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Secrets

Entrance to the secret garden

I realise this painting turned out overly colourful. I walked down to the secret garden to paint the greenness of the greens and pinky-purpleness of this magical tree. I think it’s called a redbud tree? A black dog ran and jumped up at me, so I patted his head. Then tried not to pat my own head until I got home and washed that hand. The sad effects of covid.

There is a secret tunnel in Marino. It is mind blowingly awesome. Ugo Onerati took us to see it a couple of years ago. We were lucky as it has been locked ever since. My friend Marina, the artist who owns an art shop on the main street, played in there with her cousins when she was a kid. Her uncle used it as a ‘cantina’ for storing his wine and olive oil. It was built in the early Roman times as a big water cistern.

A man went to buy wine from Marina’s uncle in the 60’s and found it interesting. It was half-full of mud and debris so they excavated and to their astonishment uncovered an extraordinary treasure. Ugo took us down into the ancient, dimly lit tunnel. We walked slowly for about 50m with torches. Shadowy paintings of figures loomed on the side walls. At the very end, subtly lit from below, was the most incredible scene. An exquisite painting covering the entire end wall, a fresco of the MITHRAS cult.

Profound awe made my knees go weak. I almost went down on them. We gazed at the colourful scene in stunned silence. There is more to it than meets the eye. Nobody knows what it means, the cult was so secret there is no record of their philosophy. Although sacred sites with sculptures and paintings of the same symbolic scene are found all over the Roman Empire. However, this one in Marino is the most beautiful.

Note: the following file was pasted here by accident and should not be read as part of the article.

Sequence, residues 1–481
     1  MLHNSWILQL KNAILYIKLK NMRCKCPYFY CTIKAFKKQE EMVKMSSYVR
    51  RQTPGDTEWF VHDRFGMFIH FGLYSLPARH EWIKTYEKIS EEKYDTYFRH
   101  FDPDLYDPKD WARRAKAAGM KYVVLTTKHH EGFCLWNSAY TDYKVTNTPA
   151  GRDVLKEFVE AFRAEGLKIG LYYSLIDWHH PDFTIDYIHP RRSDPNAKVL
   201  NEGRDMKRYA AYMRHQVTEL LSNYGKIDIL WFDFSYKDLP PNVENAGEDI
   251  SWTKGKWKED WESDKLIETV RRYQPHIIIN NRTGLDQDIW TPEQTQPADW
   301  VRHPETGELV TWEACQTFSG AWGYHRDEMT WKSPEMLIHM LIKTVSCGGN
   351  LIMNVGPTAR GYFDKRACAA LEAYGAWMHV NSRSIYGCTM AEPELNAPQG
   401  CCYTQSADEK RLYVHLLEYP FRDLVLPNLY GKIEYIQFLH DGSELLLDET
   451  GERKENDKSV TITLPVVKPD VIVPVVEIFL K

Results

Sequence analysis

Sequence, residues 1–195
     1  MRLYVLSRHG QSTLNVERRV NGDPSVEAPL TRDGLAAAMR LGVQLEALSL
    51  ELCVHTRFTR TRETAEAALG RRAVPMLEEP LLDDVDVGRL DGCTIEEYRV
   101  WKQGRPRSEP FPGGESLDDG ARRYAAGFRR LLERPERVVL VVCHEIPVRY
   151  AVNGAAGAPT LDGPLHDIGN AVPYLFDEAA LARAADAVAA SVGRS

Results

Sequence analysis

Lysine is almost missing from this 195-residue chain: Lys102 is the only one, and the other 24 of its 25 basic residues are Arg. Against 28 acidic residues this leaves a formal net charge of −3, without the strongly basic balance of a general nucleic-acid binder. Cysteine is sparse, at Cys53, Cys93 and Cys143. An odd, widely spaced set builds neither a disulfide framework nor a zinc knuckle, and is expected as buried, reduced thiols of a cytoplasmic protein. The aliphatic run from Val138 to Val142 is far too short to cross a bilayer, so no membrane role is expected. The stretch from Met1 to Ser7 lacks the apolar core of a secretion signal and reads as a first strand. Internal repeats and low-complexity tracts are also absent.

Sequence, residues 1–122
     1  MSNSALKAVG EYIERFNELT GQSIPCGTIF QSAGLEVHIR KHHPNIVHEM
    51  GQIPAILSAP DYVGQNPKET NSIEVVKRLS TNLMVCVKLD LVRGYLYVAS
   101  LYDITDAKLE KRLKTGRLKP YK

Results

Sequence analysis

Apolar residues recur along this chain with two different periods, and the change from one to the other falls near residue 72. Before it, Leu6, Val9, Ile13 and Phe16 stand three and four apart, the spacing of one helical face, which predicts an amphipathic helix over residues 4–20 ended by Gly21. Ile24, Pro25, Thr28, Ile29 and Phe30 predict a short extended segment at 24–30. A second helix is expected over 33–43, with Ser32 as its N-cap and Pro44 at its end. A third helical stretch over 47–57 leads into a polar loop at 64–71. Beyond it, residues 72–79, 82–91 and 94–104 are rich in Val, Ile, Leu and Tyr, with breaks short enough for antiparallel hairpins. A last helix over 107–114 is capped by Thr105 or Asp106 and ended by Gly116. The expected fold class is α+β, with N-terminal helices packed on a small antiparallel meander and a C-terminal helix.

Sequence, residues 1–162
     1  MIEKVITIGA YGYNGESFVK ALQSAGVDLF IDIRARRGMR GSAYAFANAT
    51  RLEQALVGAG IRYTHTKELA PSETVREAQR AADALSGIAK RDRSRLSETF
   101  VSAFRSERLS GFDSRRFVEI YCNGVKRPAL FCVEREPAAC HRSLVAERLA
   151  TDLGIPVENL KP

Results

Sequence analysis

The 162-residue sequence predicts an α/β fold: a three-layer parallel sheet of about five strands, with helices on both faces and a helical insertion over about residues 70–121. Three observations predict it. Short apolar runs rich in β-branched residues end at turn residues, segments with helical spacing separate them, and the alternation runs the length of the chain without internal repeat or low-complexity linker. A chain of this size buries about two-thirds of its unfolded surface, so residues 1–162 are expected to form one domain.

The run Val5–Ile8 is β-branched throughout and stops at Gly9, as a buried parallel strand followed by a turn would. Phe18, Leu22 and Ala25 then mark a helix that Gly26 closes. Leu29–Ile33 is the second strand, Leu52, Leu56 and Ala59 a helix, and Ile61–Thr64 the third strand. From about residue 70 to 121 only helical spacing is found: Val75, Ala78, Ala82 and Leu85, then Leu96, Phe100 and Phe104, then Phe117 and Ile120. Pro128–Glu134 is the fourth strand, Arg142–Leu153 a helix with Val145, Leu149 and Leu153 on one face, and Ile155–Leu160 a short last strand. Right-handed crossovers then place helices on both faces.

To describe it in a sentence…”A man wearing a pink layered tunic is stabbing a bull in the neck. His celestial blue cape is a full of stars, a snake and a dog are lapping up the blood and a scorpion is biting the bulls testicles”. The religion, thought to have originated in Iran, was practiced by Roman soldiers until about the 5th century. Men only.

Mitreo Marino Laziale

Simon and I cin-cinned our glasses of red and white wine, to Rome on the auspicious occasion of her 2773rd birthday this evening. It all began when twin boys inherited the title of leader. Rome would have been called Remo, if Romulus hadn’t killed his brother Remus for merely jumping over the wall. The story repeats itself, kaleidoscoping into the future. Here we are now in the European Union with our imaginary walls. Covid-19 shining a subtle light on the scenario.

Today’s painting depicts a stone wall with an excavated doorway. I like to think my studio walls were built from the stones of that doorway. Doorway walls.